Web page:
In a host of ways, states made and enforced laws that abridged African-Americans’ “privileges and immunities.” States and their representatives repeatedly deprived African-Americans of life, liberty, and property, without due process of law. They also denied African-Americans equal protection of the laws. Thus, in at least three important ways, some states routinely violated the 14th Amendment rights of African-Americans throughout the late 19th and early 20th centuries.

‘White man’s flag’

1959 protest against Little Rock Nine
A protest at the Arkansas state capitol against admission of the “Little Rock Nine” to Central High School, 1959. (Library of Congress via Wikimedia Commons)

Yet, long after this, as legislative victories were won in the late 1950s and 1960s, and the effects could be felt and seen in the 1970s and 1980s, white southerners moved quickly to remind black people that the cause of the Confederacy was alive and well. They violently resisted the integration of local schools, even going so far as to harass black children and adolescents. They named new parks and buildings after notorious southerners like Tennessee slave trader, Confederate general, and Ku Klux Klan Grand Wizard Nathan Bedford Forrest. As a matter of fact, the Governor of Tennessee, Bill Haslam, signed a proclamation, which declared Monday July 13, 2015 “Nathan Bedford Forrest Day.”

Southerners also embraced the Confederate flag with renewed fervor, and in the days and weeks following the Charleston massacre, they’ve begun to do the same. We don’t need to debate the racist meanings behind the flag itself, because the flag’s designer, William Thompson, addressed that issue long ago. In an April 1863 editorial that Thompson wrote, he laid bare the rationale and vision underpinning his creation. He stated that “as a people, we are fighting to maintain the heaven ordained supremacy of the white man over the inferior or colored race” and, Thompson elaborated, the Confederate flag “would be hailed by the civilized world as THE WHITE MAN’S FLAG.” That’s Thompson’s emphasis, not mine.

Alongside these local developments, a federal war on drugs took shape, states passed highly punitive and discriminatory legislation, and the federal government followed suit. With the exponential growth of an inmate population too large for prisons to readily accommodate, a government-sanctioned prison industrial complex expanded across the country, and the mass incarceration of black people, especially men, and later women, crippled thriving families and communities.

Worse still, Christopher Petrella, one of Berkeley’s own graduate students, conducted a study which found that massive prison privatization has led to a disproportionate number of young (vs. old) African-Americans being incarcerated in private, for-profit prisons. This is happening even as the feds and local governments are modifying and repealing the legislation that led to the mass incarceration of older generations in the first place. Petrella’s findings led him to conclude that the reasoning behind this disparity has little to do with the criminal activities of these groups; it comes down to the higher healthcare and staffing costs associated with housing older inmates.

In an era marked by events that would seem like the fulfillment of black hopes and dreams — the election and re-election of the first president of African ancestry — black people have been reminded of the ever-present specter of racialized violence and terror. In the two years preceding Barack Obama’s election, for example, there were between 50 and 60 noose sightings or noose-related incidents reported in locations throughout the country, including the North. This map shows some of them. During his campaign, election, and re-election, images of Barack Obama’s face in crosshairs and effigies of the president swung freely within public view. One was even hung in front of a church by its pastor. Since his 2008 election, white supremacist and militant groups grew by 813%. Yes. 813%. That’s not a typo. They’re declining now, but the numbers are still staggering.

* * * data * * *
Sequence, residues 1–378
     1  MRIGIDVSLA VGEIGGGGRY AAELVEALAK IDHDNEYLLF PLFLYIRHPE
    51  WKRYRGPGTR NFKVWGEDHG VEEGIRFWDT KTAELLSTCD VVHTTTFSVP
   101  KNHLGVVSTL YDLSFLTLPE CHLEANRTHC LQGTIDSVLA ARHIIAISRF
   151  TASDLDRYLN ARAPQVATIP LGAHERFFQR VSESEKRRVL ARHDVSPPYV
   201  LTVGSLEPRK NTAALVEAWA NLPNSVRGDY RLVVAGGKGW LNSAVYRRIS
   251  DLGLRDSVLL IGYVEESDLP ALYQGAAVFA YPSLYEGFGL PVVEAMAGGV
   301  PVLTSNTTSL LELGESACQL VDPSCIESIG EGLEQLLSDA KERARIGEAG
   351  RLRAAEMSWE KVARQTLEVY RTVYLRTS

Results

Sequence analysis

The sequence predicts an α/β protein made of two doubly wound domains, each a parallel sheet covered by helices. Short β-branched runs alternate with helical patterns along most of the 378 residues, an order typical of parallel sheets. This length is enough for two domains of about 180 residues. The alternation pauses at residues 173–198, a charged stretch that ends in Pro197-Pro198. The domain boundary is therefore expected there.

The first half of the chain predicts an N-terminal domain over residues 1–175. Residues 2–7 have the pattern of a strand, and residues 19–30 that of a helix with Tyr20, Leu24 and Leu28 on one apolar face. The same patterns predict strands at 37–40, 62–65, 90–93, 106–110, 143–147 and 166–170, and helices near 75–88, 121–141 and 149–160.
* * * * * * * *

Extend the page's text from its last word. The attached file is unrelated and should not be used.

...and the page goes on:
Taking a long view of history makes it hard to deny one fact: black life has possessed little value in the eyes of the nation since emancipation led to their decommodification as human property. Here’s an example of what I mean. On October 15, 1864, two South Carolina slave-owners, Martha and Henry Bailey, sold a fourteen-year-old girl named Hagar to Frederick Richards for $3,500. Now, that might seem like a small sum to pay for a human being. But in 2014 money, Hagar would cost $54,400. In the course of about a year, Hagar possessed no monetary value. With Emancipation, this process of decommodification happened about four million times, and the values of many enslaved people like Hagar went from thousands or hundreds of dollars to zero overnight.

Washington D.C. was a notable exception because in April of 1862, the District of Columbia Emancipation Act provided Unionist slave-owners with the opportunity to request compensation for their human property, and many did. They received up to $300 for every freed slave. Those who lived beyond D.C. received nothing.

The end of slavery, then, compelled America to reimagine black value beyond conceptions of property. It seems to me that Americans have been struggling to determine the value of black life, and black people, since then. The incidents I outlined above suggest that, some citizens of this nation and some representatives of our government do not consider that value to be very high.